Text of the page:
Between 2000 and 2010, the number of published papers in the sciences rose by 40 percent, from about 1 million per year to about 1.4 million. Over that same period, the number of retracted articles — the ultimate in academic take-backs — grew tenfold, from about 40 per year to about 400. The figure is now somewhere close to 700 papers retracted annually. Although retractions represent a small sliver of the total literature, accounting for roughly 0.05 percent of all articles, the remarkable increase in the retraction rate has been seen by many as a symptom of sickness in the body scientific.
It is tempting to look at the growing rate of retractions as an indicator that scientists increasingly don’t know what they are doing or, worse, are becoming less honest about their work. After all, two-thirds of retractions are due to research misconduct, rather than honest error. The kinds of actions that count as misconduct are plagiarism, fabrication of data, and falsification — a category that includes the deliberate manipulation of data or research protocols that leads to the misrepresentation of results. Our work and the scholarship of others, however, suggest a more hopeful view of the rise in retractions: Not only are the vast majority of researchers playing by the rules, but the practice of science itself has never been healthier.
To understand this point, it helps to know why retractions have been on the rise in recent years. The reasons are manifold, but they start with technology. Technology has provided ever-clever fraudsters new ways to pull the wool over the eyes of editors and reviewers. Some cheats use Photoshop to splice together parts of images to misrepresent the results of an experiment. Others take advantage of the fact that many journals ask authors to provide suggestions on who they would like to conduct peer review of their submissions. While this practice may have problems even when it works as designed, it can also allow for outright fraud when authors give journals made-up e-mail addresses (that the authors themselves have access to) for either real or invented peer reviewers, and proceed to conduct peer review for their own papers.
But technology has also allowed readers to become better at catching problems. For example, most publishers now use some version of plagiarism-detection software to identify manuscripts with plagiarized text early in the process of submission. While the market for plagiarism-detection tools supports some sophisticated and expensive software such as iThenticate, freeware like DejaVu — and for that matter, even Google — are pretty effective first-pass methods for catching would-be cheats. With these tools available there is no good reason that in 2016 any journal would publish a paper that plagiarizes a previously published article. Detecting doctored images is not as easy as catching plagiarists, because the programs needed to scan and compare pictures are more data intensive and harder to code for than the programs used to compare text. But computer scientists have developed tools for detecting image manipulation, and some of them are freely available to journal editors.
Technological developments don’t just provide tools for either committing or detecting fraud, but also make it easier for scientists to communicate and monitor one another’s work. While the Internet has made committing plagiarism and image manipulation easier in many ways, it has also made it easier to detect such misconduct — for the simple reason that more eyes allow for greater scrutiny on publications.
This brings us to a question that we are often asked: If readers are finding problems in papers after they are published, why are peer reviewers not catching them beforehand? Does the failure of reviewers to identify misconduct or honest error prior to publication mean that peer review is broken? It certainly means that we are more aware of its flaws now that all scientists can easily be post-publication peer reviewers. But anyone who thought peer review was a Good Housekeeping seal of approval, even before the Internet, was sold — perhaps willingly — a bill of goods. Why should we expect that a few experts, who may not really be experts at all in the techniques used in a given study, would be able to spot every error? Post-publication peer review is not just a way to fix a supposedly broken system of pre-publication peer review, but a necessary adjunct to that system.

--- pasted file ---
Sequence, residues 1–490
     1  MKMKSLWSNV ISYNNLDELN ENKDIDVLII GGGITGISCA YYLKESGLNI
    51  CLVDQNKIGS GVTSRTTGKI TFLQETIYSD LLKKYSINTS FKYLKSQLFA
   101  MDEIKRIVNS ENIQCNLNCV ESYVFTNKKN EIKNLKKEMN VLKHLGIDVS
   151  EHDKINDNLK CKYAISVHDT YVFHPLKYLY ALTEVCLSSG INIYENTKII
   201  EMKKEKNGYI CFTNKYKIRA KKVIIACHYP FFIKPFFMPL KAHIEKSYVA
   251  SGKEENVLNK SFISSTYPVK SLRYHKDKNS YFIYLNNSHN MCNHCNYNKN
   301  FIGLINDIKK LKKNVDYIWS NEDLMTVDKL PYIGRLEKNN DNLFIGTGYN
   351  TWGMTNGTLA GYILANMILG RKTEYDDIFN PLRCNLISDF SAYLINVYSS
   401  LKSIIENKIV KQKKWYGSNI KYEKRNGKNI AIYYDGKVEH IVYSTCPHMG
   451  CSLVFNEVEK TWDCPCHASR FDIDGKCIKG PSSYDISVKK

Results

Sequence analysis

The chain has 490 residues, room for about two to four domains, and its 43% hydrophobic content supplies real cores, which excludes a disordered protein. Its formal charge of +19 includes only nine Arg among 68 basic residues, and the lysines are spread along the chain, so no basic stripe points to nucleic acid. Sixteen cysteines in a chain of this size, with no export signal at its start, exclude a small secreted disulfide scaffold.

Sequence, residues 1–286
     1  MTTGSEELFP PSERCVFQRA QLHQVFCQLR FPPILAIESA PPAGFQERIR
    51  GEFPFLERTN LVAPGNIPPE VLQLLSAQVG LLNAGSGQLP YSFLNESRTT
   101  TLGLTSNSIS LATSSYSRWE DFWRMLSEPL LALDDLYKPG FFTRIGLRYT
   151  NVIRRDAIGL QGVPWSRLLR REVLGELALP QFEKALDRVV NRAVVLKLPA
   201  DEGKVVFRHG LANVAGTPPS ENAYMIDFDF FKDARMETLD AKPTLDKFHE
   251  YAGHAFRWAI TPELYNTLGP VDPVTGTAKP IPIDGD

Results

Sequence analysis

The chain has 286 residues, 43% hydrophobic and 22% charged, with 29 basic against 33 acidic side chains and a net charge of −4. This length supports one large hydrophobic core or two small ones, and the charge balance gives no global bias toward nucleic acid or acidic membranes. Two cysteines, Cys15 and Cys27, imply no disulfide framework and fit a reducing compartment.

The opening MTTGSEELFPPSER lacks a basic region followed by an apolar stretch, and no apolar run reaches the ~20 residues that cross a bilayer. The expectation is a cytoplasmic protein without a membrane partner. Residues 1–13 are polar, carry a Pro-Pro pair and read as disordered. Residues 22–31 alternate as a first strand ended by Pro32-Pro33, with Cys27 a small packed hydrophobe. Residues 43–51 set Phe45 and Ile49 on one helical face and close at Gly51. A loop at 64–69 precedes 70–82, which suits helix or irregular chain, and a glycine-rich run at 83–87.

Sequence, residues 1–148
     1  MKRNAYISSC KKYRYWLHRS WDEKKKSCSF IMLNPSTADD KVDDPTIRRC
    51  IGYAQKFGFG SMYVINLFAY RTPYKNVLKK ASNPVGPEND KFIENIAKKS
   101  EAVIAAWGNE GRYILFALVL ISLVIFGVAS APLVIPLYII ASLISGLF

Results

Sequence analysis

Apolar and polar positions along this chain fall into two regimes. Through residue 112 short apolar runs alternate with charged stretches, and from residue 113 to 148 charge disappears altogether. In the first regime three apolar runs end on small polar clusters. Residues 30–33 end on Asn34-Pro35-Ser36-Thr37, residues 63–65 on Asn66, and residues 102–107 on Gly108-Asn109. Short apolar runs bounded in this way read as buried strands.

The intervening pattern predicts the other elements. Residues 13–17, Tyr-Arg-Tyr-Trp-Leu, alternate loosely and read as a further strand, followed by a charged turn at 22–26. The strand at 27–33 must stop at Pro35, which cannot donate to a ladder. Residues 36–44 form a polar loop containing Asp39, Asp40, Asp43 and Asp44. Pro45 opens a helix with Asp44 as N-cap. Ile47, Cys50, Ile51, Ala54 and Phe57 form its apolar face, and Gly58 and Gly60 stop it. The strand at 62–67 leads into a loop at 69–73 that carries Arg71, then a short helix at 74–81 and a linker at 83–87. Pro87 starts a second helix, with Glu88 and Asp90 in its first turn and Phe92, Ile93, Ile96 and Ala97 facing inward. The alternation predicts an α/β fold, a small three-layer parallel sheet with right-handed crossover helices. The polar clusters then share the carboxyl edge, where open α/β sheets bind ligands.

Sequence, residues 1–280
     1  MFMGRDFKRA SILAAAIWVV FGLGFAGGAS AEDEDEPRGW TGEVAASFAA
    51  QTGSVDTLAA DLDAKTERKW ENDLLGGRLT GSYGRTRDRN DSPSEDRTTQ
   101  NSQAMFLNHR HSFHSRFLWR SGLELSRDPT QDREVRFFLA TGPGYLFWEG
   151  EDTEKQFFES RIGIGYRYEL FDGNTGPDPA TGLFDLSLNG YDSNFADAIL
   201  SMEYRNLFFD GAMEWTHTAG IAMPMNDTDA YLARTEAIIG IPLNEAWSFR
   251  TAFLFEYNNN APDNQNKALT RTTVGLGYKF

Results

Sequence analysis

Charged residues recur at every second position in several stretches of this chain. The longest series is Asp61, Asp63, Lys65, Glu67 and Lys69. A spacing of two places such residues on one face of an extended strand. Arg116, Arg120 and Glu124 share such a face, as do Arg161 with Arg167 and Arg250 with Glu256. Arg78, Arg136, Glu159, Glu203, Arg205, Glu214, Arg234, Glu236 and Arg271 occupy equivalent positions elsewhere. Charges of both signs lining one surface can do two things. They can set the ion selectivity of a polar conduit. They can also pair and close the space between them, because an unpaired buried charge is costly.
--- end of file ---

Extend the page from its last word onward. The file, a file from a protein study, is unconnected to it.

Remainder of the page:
The effectiveness of post-publication peer review is evident in the higher retraction rates of prestigious journals such as the New England Journal of Medicine, Cell, Nature, and Science. One explanation for these higher retraction rates is that scientists push the envelope to earn the career-making brass ring that a paper in one of these publications can offer. But high-prestige journals are highly read, and so are subject to higher scrutiny, which may be a more likely explanation for why fraud and error are detected more frequently in their pages.
Some of the scrutiny of scientific papers comes from post-publication review by fellow scientists, and efforts to encourage and facilitate such scientific-community-wide review, like the website PubPeer, where scientists can anonymously comment on published papers, and PubMed Commons, where they must use their real names, have been on the rise in recent years. But there are also older and more institutionalized sources of combating scientific misconduct; for example, in the United States, the creation in 1989 of what has now become the Office of Research Integrity established a formal infrastructure for policing federally funded science. The ORI is far from perfect: It has no real prosecutorial authority, cannot launch inquiries without an invitation from an institution, and is not adequately staffed for the scope of the problem, launching inquiries for roughly 30 to 40 of the 300 to 400 cases that come its way each year. Nonetheless, when the ORI does publish its findings of research misconduct — about a dozen a year (and it only publishes case summaries when it actually discovers misconduct) — this draws the attention of scientists and publishers to a particular researcher’s misdeeds, and so serves as a signal to fraudsters and would-be fraudsters that getting caught carries consequences. But we would argue that the typical recent penalties — a few years of supervision on publicly funded research projects and a temporary inability to receive government grants directly, and so forth — are too light. It seems odd, given today’s funding environment, that these bans don’t last longer. Criminal sanctions may also be appropriate in some cases, and a recent survey suggests that the vast majority of Americans agree.